Carbon nanotubes aligned as fibers and sewn into fabrics become a thermoelectric generator that can turn heat into energy
The Rice University lab of physicist Junichiro Kono led an effort with scientists at Tokyo Metropolitan University and the Rice-based Carbon Hub to make custom nanotube fibers and test their potential for large-scale applications. Their small-scale experiments led to a fiber-enhanced, flexible cotton fabric that turned heat into enough energy to power an LED. With further development, they say such materials could become building blocks for fiber and textile electronics and energy harvesting. The same nanotube fibers could also be used as heat sinks to actively cool sensitive electronics with high efficiency. A paper about the project appears in Nature Communications. The effect seems simple: If one side of a thermoelectric material is hotter than the other, it produces energy. The heat can come from the sun or other devices like the hotplates used in the fabric experiment. Conversely, adding energy can prompt the material to cool the hotter side. Until now, no macroscopic assemblies of nanomaterials have displayed the necessary “giant power factor,” about 14 milliwatts per meter kelvin squared, that the Rice researchers measured in carbon nanotube fibers.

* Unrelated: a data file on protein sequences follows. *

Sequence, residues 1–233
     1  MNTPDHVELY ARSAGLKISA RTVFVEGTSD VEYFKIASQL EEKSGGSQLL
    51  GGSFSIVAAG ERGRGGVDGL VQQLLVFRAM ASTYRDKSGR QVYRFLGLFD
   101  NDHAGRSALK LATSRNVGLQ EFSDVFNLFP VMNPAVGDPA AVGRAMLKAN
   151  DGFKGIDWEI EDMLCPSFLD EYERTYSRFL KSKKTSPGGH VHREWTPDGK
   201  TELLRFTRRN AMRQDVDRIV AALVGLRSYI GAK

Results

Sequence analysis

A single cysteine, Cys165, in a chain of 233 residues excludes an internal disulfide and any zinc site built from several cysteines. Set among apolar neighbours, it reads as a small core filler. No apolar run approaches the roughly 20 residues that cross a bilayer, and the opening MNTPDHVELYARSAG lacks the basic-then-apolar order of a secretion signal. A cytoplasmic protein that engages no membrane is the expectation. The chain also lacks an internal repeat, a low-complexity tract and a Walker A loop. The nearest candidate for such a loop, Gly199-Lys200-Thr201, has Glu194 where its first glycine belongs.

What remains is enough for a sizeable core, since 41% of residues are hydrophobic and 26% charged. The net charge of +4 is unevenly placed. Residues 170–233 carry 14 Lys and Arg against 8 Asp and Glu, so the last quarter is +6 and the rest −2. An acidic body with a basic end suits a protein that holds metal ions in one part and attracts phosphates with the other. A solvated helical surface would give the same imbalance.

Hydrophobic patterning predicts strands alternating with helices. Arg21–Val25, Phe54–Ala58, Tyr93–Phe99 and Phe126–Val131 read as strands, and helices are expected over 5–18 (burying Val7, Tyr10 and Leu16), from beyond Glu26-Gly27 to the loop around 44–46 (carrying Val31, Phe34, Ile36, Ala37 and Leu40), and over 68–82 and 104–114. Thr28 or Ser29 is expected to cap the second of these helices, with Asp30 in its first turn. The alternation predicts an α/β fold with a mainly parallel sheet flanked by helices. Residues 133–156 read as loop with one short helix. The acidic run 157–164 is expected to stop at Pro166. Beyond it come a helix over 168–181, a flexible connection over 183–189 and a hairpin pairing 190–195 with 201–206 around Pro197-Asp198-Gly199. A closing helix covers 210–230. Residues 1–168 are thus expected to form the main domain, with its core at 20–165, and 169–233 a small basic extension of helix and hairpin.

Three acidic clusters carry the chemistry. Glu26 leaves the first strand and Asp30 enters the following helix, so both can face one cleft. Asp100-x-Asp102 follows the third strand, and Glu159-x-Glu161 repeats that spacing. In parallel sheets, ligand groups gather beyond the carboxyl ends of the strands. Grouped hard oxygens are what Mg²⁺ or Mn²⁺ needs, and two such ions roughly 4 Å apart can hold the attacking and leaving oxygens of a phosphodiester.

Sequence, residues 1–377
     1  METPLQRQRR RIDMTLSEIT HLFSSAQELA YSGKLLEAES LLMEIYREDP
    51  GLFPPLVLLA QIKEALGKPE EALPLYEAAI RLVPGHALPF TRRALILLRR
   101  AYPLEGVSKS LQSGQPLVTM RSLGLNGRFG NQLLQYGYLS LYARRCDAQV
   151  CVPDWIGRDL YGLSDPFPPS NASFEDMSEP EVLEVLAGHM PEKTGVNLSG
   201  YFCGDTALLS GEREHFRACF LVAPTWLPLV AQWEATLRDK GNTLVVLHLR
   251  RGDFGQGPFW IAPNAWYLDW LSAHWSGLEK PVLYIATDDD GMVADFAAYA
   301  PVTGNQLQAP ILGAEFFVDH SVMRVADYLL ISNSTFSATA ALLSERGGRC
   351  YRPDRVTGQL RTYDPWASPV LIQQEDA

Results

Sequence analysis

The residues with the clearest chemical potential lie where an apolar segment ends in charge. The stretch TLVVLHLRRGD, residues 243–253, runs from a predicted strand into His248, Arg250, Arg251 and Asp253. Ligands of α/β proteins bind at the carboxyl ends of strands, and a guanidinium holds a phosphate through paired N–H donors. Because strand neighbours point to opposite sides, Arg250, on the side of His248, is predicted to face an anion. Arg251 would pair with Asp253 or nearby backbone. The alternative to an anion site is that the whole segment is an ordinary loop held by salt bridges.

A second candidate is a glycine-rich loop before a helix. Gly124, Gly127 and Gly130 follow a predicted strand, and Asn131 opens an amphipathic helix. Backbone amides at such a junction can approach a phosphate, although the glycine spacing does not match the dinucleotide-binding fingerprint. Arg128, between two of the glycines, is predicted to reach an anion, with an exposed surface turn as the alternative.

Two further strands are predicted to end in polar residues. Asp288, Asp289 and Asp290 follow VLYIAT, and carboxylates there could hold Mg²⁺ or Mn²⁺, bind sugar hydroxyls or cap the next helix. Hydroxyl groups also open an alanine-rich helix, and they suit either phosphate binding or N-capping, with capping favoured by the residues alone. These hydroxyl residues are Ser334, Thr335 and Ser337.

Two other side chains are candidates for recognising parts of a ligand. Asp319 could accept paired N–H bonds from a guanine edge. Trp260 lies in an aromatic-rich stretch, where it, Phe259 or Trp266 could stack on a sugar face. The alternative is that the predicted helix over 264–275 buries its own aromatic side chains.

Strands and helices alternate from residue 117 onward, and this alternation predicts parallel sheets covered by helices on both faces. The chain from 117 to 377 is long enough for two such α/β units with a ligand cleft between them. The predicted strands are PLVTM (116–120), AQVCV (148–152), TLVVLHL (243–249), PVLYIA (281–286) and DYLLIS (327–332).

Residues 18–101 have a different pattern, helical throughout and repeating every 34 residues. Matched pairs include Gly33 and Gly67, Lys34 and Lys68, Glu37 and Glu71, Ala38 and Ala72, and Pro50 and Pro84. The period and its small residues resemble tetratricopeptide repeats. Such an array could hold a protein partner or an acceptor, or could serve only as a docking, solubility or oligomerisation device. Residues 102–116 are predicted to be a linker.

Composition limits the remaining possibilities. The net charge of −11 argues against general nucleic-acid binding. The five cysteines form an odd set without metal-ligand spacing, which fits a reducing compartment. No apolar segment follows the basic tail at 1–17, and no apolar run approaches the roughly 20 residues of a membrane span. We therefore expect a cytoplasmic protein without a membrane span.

“The power factor tells you how much power density you can get out of a material upon certain temperature difference and temperature gradient,” said Rice graduate student Natsumi Komatsu, lead author of the paper. She noted a material’s power factor is a combined effect from its electrical conductivity and what’s known as the Seebeck coefficient, a measure of its ability to translate thermal differences into electricity. “The ultrahigh electrical conductivity of this fiber was one of the key attributes,” Komatsu said.
The source of this superpower also relates to tuning the nanotubes’ inherent Fermi energy, a property that determines electrochemical potential. The researchers were able to control the Fermi energy by chemically doping the nanotubes made into fibers by the Rice lab of co-author and chemical and biomolecular engineer Matteo Pasquali, allowing them to tune the fibers’ electronic properties. While the fibers they tested were cut into centimeter lengths, Komatsu said there’s no reason devices can’t make use of the excellent nanotube fibers from the Pasquali lab that are spooled in continuous lengths. “Carbon nanotube fibers have been on a steady growth path and are proving advantageous in more and more applications,” he said. “Rather than wasting carbon by burning it into carbon dioxide, we can fix it as useful materials that have further environmental benefits in electricity generation and transportation.”
Source: Rice University news release